However you prepare your food, the loss of vitamins is inevitable. Food technologist Matthijs Dekker at Wageningen University & Research explains how to keep this under control.

All kinds of factors influence the retention of vitamins when preparing food. Think of the cooking time, the temperature during preparation, the amount of water, how the food has been stored and the freshness of the products.

The consumer therefore does have influence on the final amount of vitamins in a dish, the Nutrition Center concludes in a fact sheet about preparing food.

According to Dekker, who contributed to the document, there are two sides to the story: "On the one hand, vitamins are indeed lost, but the body is better able to absorb the vitamins."

“When cooking vegetables, water-soluble vitamins dissolve in the cooking water. Half of the vitamin C can be lost in this way. ”

Different types of vitamins

There are water-soluble and fat-soluble vitamins and they behave differently during baking and cooking. "When cooking vegetables, water-soluble vitamins dissolve in the cooking water," explains Dekker. "As a result, for example, half of the vitamin C can be lost. This is not the case with stir-frying."

Fat-soluble vitamins suffer less during preparation. However, the high temperature during cooking or baking causes the breakdown of both types of vitamins. "Vitamin C and some of the vitamins B are especially sensitive to this," says the food technologist.

Tips to minimize vitamin loss:

  • Vary between cooking, (stir) baking, roasting, stewing and steaming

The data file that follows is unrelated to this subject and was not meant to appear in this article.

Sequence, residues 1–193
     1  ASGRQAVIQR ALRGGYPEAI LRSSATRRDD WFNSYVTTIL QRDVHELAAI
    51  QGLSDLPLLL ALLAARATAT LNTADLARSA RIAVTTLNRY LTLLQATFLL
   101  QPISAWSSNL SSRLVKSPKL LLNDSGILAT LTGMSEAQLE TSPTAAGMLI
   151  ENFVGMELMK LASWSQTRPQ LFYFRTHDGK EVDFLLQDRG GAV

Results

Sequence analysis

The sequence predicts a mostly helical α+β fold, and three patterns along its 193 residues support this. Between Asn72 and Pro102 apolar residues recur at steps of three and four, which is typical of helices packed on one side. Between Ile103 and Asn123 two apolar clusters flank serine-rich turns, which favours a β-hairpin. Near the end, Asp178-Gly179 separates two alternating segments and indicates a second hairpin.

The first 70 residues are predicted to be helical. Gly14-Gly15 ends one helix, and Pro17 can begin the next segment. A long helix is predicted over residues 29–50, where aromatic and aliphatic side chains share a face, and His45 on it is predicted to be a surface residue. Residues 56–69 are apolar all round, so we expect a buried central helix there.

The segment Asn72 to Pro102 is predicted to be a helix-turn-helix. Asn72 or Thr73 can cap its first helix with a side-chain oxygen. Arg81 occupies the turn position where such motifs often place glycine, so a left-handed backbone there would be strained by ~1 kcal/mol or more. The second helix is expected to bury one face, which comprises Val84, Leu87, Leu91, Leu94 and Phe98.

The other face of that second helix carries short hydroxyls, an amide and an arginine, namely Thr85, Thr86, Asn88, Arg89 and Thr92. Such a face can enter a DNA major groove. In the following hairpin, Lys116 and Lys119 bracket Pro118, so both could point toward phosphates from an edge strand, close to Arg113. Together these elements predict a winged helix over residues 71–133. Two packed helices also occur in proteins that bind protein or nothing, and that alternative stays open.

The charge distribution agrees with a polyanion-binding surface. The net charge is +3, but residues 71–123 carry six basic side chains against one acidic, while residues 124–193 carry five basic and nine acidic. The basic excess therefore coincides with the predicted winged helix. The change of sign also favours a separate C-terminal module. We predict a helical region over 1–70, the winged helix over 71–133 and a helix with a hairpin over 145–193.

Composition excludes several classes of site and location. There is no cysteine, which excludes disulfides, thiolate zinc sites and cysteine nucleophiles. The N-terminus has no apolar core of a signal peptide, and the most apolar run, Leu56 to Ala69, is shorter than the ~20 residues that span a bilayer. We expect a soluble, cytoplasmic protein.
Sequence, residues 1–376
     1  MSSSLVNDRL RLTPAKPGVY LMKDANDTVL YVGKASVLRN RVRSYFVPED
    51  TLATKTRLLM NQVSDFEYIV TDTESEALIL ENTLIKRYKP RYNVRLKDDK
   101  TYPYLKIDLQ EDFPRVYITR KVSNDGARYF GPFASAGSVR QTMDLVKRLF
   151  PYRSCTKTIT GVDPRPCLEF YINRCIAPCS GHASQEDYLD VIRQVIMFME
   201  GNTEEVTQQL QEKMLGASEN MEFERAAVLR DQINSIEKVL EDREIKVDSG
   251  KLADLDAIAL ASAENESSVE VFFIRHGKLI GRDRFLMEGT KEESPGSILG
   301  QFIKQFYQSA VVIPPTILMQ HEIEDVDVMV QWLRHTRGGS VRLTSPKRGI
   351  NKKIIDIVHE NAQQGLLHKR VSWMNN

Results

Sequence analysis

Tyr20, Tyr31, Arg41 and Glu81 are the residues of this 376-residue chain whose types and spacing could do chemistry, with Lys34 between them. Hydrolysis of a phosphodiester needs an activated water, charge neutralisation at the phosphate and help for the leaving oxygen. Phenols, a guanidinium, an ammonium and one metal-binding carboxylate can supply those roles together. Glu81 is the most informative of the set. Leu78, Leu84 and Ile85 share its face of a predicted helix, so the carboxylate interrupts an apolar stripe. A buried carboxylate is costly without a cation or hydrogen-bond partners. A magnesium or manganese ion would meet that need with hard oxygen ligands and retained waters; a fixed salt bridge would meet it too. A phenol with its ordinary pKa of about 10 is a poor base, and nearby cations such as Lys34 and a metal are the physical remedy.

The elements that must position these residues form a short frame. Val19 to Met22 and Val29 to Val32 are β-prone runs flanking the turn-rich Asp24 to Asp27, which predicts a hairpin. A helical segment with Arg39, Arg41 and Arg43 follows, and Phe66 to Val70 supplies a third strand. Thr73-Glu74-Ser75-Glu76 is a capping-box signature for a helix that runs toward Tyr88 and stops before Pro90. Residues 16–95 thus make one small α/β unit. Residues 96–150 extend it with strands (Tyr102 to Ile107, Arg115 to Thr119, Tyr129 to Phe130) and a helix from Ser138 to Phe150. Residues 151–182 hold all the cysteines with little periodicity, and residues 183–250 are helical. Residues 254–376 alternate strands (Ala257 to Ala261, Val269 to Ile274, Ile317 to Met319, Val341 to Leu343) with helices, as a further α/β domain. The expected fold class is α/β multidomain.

• Cut vegetables as short as possible before cooking
  • Coarsely cut vegetables so that the contact area with the water is smaller
  • Cook in little water and as short as possible
  • Cook vegetables directly in boiling water
  • Use cooking liquid for a soup or sauce

A small part of the vitamins is also lost when cutting vegetables. This is especially true for vitamin C. "You can limit this by cutting the vegetables as short as possible before cooking, so that exposure to oxygen is minimal," says Dekker.

Incidentally, this does not apply to pre-cut vegetables from the supermarket, the air in the packaging is adapted and contains little oxygen.

However, as said, preparing food also has a positive effect on our vitamin intake: because the cells of vegetables break down during cooking, steaming or baking, the contents of the cells are released more easily during digestion and vitamins are also absorbed more quickly.

"This is especially the case with fat-soluble vitamins that dissolve in the fat used during baking or roasting. Think of carotenoids, precursors of vitamin A, for example in sweet potato, tomato and carrot."

Cooking, steaming or stir-frying?

How can we best prepare our food? "In terms of preserving vitamins, stir-frying is better than boiling in water," says Dekker. "You do have to add some fat or oil, which means more calories. Even with stewing and steaming, the loss of vitamins is limited. It is therefore best to vary."

In any case, there is a lot of variation in the amount of vitamins in fruit and vegetables. Dekker: "Unfortunately, as a consumer you have little influence on that."